Back to the question: we do our best to give an educated guess. It will be fairly accurate. The question’s always asked when it comes to the imported Japanese Niwaki and the big old imported Olive trees. Then it is a guess – not even a particularly educated guess. The Olives have been hacked back so often the trunk could be well over a hundred years old and in the case of the Niwaki, these have often started life on the nursery in Japan as a tree that’s been dug up in the wild, been cut down and transplanted to the nursery to be trained as a ‘new’ plant when the roots may again be well over a hundred years old by the time they get here.
It’s interesting writing this down because now I’m beginning to think : “Hang on one cotton pickin’ minute, maybe this is exactly what we should be doing…“
4. “Is there anything I can grow on clay?” We’re a bit surprised by this one but it comes up over and over again. Mid Sussex is almost all clay and contains many fine gardens and grows the finest oak trees in the land. Clay is full of nourishment and as long as it has plenty of organic content, it grows great plants. Some people have chalky soil, some have sandy soil and both of these are great if you don’t like mud but the vast majority of gardens in southern Britain are on some kind of clay.
If you’re faced with a new house on the Sussex or Kent Weald you could have a bit of a challenge, it’s true. Property developers tend to leave you with a lovely new house and a garden that consists of compacted clay sub-soil covered in 3″ of imported topsoil covered in lawn with some not terribly happy birch trees and some equally not very happy ‘colourful’ shrubs round the edge.
The answer is a war of attrition on your soil. Anything organic – mulch, bark, compost, anything you can get hold of – needs to be dumped on the surface for the bacteria to break down and the worms to assimilate into the soil. Keep doing this and eventually you’ll have as lovely a garden as anyone else and it will be on clay. If in these circumstances you feel you’re a bit low on worms, get some and introduce them to your new garden. “Get some“? There’s even a company called Worms Direct.
Back to the question : Yes, lots.
5. “What if it dies?” It almost certainly won’t. Much anxiety surrounds the idea that a plant bought at a nursery might die. Millions of years of evolution and dramatic climatic changes have equipped all living things to survive. Killing things is a major accomplishment – it’s difficult. Having said that, it can be done. Buy a plant in a pot and never water it or plant it in the summer and give it insufficient water and it will die. Plant it in waterlogged soil or leave it in a pot with poor drainage and water it mercilessly and it will die. Ignore our traffic light system about frost resistance and leave it out in the cold and it will die.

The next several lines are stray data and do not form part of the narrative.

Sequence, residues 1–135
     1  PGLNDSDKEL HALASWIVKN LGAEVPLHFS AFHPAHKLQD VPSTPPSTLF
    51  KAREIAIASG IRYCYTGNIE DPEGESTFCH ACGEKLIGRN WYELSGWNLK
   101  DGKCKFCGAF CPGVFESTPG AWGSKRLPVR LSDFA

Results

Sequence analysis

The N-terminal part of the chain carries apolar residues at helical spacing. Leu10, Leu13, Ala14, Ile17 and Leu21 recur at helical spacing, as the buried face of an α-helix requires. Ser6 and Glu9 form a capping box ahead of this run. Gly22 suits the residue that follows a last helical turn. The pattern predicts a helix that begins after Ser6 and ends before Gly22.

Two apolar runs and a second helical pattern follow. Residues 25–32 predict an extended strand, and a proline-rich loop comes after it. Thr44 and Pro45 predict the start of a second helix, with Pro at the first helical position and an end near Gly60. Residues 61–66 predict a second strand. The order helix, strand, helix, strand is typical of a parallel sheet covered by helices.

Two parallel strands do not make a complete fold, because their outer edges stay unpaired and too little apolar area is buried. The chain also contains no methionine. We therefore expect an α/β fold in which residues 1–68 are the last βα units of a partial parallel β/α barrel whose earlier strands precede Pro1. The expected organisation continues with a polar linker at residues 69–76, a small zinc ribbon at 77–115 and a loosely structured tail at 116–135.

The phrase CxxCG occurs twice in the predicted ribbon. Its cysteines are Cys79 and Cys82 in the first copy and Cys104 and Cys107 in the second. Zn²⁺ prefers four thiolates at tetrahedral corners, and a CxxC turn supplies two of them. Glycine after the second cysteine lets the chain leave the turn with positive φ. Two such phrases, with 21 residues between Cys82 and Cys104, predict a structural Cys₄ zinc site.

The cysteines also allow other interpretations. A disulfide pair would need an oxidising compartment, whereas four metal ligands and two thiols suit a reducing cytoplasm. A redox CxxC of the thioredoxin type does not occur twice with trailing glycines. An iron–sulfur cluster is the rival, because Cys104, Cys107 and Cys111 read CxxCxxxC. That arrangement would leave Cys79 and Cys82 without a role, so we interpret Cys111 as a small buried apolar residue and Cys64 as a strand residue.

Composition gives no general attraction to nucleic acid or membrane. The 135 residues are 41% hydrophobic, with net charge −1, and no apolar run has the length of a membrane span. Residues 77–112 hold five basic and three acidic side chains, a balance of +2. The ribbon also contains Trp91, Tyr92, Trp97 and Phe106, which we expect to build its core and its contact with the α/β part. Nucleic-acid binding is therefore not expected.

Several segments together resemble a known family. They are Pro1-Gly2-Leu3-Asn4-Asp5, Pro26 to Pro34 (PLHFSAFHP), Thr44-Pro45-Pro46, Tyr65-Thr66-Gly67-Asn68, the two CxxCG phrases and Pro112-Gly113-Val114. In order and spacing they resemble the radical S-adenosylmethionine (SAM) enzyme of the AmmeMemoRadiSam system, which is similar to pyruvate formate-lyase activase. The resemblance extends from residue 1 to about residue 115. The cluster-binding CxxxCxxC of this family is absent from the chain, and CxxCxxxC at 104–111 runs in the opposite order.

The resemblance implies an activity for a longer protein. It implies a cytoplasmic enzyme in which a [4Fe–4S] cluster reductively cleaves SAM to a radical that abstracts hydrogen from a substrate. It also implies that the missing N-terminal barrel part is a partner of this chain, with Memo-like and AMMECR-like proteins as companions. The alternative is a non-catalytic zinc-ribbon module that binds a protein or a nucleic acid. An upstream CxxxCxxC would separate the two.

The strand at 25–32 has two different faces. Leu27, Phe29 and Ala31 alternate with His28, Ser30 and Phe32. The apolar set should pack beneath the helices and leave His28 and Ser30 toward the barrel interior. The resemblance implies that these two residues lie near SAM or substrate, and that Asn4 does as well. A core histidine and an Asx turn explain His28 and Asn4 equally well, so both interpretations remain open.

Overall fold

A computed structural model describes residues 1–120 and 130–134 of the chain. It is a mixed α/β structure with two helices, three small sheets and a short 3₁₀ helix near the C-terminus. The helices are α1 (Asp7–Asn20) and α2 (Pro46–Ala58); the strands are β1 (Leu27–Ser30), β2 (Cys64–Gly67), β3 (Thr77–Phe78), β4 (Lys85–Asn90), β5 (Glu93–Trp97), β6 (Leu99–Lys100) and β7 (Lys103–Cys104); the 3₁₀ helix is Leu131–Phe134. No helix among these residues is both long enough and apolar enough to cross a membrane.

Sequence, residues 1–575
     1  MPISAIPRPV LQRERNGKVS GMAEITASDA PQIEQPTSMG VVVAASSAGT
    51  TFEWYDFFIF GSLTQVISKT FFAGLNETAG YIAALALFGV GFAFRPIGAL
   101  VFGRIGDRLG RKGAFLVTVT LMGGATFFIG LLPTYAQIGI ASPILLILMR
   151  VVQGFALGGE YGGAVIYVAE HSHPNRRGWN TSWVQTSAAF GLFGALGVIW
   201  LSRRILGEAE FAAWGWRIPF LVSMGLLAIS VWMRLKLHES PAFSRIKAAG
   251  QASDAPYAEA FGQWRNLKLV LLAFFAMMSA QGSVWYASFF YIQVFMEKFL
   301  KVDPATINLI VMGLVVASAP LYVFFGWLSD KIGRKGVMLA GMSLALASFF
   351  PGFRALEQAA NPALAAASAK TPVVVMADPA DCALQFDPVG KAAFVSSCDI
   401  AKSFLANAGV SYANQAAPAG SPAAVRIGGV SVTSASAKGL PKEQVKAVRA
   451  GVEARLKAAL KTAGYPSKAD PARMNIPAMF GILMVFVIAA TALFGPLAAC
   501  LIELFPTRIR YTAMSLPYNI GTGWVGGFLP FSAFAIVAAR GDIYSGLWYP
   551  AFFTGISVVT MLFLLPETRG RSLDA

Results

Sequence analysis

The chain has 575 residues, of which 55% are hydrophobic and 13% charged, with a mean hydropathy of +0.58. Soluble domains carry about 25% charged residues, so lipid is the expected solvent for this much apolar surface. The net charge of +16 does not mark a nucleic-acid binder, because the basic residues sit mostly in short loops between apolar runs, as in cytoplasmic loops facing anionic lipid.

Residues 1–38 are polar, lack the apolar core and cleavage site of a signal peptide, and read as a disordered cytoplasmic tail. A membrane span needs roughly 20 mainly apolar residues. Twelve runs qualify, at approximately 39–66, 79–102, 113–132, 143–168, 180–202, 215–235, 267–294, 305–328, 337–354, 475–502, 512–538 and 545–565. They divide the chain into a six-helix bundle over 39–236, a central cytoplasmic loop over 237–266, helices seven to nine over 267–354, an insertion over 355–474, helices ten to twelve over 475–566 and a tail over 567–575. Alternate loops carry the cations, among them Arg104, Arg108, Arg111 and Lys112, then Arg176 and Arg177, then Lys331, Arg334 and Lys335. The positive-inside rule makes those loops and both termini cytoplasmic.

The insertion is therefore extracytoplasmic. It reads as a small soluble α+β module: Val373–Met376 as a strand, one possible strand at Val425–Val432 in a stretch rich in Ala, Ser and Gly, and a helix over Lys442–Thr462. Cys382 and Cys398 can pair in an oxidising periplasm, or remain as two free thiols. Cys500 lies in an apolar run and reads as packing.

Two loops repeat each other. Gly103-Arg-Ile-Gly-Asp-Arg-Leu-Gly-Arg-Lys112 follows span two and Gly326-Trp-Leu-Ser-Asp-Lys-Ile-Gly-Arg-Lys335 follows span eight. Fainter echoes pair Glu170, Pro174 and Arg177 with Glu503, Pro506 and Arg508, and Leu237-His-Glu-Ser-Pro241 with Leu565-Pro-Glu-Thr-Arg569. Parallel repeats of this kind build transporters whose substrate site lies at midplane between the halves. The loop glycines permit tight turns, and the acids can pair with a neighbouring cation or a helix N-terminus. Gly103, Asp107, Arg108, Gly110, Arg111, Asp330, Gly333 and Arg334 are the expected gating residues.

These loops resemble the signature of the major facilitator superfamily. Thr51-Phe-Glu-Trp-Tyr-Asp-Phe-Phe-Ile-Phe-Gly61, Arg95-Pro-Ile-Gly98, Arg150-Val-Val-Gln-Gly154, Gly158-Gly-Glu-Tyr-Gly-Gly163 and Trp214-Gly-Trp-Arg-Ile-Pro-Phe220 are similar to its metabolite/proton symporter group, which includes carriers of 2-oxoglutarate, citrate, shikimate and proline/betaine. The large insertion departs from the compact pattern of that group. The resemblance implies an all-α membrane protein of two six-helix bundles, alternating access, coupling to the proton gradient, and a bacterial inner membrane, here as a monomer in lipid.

Environmental symptoms (withering, blackening, poor growth, discoloured leaves, looking bloody awful etc) are a result of what and where the plant is, not disease. Within the first year of planting, disease is incredibly unlikely. It’s true that a plant might become infested with an insect pest almost immediately it arrives in its new home but this doesn’t threaten its existence and is not a disease. Gardens are full of natural predators that will in time, establish a balance which keeps bugs under control – naturally. Insecticide can be used in a garden but we would very rarely recommend it. Nasty, smelly, dangerous and largely unnecessary stuff. We do have to use it on the nursery but that’s intensive horticulture and not comparable with being in a garden. Something that I do if the new growth is covered in black fly is to cut the tips out and destroy the evidence. This way you decimate the bug population and give the natural predators (ladybirds, lacewing etc) a chance to do their job.
Air born fungal diseases are common in our damp climate and also pose a threat to the health (but not the existence) of many plants. In the garden, sections of plant (particularly some conifers and yuccas) get afflicted and it might be worth using a fungicide but more importantly, remove afflicted bits, burn them and use dilute bleach to clean your tools as you go, to stop cross contamination through the tools.
Plant diseases tend to affect older plants and some are incurable but much hysteria surrounds this subject and is blamed on ailing plants when usually, the reason is good old bad husbandry. The two treatments for disease are 1. Surgery (amputation) 2. Medicine (use of various noxious substances). In our experience, surgery is quicker, cleaner, cheaper and more effective. Years ago we discovered thatEriobotrya japonica(Loquat or Nespilo) when grown from seed was highly susceptible to Apple Scab – a disease usually afflicting apple trees. The plant pathologists had never seen this particular manifestation and amongst much excitement prescribed the standard course of medicine for apple trees – some stuff calledCaptan, if I remember. Did it work? Sort of but we got bored spraying them all the time and eventually cut the affected plants back really hard (it got in the branches as well as the leaves) and burnt the infected bits. Done. We never saw it again to this day. Having just referred to ‘Noxious substances’ raises another little problem. Chemical agents that really work are dangerous which is why they work but because they’re dangerous, they get banned. Good for the environment, bad for the farmers and the horticulturists but it means that many of the insecticides and fungicides available to the public are fairly ineffective. Another argument in favour of surgery.